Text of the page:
Libyan state on brink of collapse

A little over two years after the former Libyan dictator, Muammar Gaddafi, was captured and killed by rebel militiamen outside the town of Sirte, the Libyan state is teetering on the brink of collapse.

A dozen different militia organisations have more authority than the central Government, and if ordinary civilians protest at their arbitrary rule they get shot.

That happened in Benghazi, in the east of the country, in June, when 31 peaceful demonstrators were shot dead and many others wounded while protesting outside the barracks of the ''Libyan Shield Brigade''.

It happened again in Tripoli recently, when a militia brigade from Misrata that has been roosting in the capital for the past two years used heavy machine-guns on unarmed civilians who were demanding that it go home, killing 43 and wounding hundreds.

In between, there have been some 80 assassinations of senior police and government officials. Last month, the prime minister, Ali Zeidan, was kidnapped by gunmen of the Libya Revolutionaries Operations Room group.

Almost all the east and the south of the country are controlled by militias, who have seized the main oilfields and ports.

Oil exports, the country's only significant source of revenue, have dropped from 1.4 million barrels per day last year to only 200,000bpd.

Deprived of most of its income, the Government will run out of money to pay its employees next month - including the militias that harass it, for it pays them off, too. And once the militias are no longer getting their protection money, things may get even worse in Libya.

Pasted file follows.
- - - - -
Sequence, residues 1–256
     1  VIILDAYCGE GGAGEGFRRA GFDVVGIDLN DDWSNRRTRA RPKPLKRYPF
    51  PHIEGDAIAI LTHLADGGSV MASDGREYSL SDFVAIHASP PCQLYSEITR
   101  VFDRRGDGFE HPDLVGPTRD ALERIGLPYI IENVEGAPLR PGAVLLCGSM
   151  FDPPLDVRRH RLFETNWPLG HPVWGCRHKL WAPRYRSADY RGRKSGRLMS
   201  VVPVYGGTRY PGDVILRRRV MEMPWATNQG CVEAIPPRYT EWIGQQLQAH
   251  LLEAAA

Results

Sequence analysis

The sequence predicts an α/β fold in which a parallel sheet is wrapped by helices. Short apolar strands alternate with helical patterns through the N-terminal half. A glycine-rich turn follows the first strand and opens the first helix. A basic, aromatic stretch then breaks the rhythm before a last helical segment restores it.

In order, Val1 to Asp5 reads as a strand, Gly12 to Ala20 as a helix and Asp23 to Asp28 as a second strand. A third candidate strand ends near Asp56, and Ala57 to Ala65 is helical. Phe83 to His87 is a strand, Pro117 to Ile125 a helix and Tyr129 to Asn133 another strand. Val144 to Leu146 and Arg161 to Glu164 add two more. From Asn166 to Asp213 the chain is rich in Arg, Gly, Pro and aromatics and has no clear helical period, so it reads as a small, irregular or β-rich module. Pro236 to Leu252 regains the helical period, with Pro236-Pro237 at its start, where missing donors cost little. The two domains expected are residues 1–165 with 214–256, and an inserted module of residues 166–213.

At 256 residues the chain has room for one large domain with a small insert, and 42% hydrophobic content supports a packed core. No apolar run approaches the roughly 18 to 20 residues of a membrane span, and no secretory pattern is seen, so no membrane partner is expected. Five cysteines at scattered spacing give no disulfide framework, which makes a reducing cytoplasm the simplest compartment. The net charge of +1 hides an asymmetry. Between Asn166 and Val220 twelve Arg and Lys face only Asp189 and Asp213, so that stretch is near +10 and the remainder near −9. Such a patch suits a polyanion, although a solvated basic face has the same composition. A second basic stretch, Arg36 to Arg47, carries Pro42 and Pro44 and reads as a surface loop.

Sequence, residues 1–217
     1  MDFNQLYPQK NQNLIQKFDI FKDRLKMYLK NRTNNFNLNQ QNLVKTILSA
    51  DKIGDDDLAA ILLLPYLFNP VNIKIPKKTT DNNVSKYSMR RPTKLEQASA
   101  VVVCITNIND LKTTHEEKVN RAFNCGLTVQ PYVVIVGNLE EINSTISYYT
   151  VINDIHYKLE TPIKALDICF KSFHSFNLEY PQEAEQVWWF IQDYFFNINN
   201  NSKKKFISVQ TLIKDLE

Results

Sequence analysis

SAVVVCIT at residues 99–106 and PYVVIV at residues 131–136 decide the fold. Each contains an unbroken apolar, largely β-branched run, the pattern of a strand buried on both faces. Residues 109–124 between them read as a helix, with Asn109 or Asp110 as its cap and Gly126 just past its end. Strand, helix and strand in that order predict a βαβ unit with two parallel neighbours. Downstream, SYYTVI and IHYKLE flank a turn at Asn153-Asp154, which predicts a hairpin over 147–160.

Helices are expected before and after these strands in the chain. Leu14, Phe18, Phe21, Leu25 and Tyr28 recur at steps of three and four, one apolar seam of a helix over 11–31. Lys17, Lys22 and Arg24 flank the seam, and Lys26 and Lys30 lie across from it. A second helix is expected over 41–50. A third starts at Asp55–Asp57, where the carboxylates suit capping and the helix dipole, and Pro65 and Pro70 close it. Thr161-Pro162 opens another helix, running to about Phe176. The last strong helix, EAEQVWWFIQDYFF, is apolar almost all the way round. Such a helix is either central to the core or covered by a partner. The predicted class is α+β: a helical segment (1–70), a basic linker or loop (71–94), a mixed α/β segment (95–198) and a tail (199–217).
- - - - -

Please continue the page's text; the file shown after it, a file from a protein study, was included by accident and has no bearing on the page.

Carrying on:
The militias now have 225,000 members in a country of only 5 million people. Only about one-tenth of the militiamen actually fought in the war, but in a country with 40% unemployment it's the best job going, so they do not lack recruits.

And from the beginning, what passes for a national government in Libya, lacking any army or police of its own, hired the militias to enforce its authority. As a result, they have become the real authorities.

The eastern half of the country, Cyrenaica, with 80% of the oil, is now in practice a separate entity, run by militias that demand ''federalism'' but really mean independence.

Prime Minister Zeidan warned in August that ''any vessel not under contract to the National Oil Co that approaches the [oil] terminals [in Cyrenaica] will be bombed'', and so far none has dared to - but that means nobody gets the income. It is a truly horrible mess.

Could this have been avoided? Probably not. After 42 years of Gaddafi's brutal rule there was no civil society in Libya that could support a democratic government and effectively demand respect for human rights and an end to corruption.

Foreign occupation might have supplied some of the necessary skills to run a modern state, but would have been violently rejected by Libyans. Besides, there were no foreigners willing to take on the job.

The country's oil wealth can only flow, whether to the warlords or to the citizens, if there is a reasonable degree of peace and order. That is a powerful incentive to co-operation, even if much of the negotiation seems to be done with guns.

And there is a kind of civil society emerging in Libya now: those crowds of protesters that the militias massacred were actually evidence that it exists.

But it's very bad now, and it will probably get worse before it gets better.

Gwynne Dyer is an independent London journalist.

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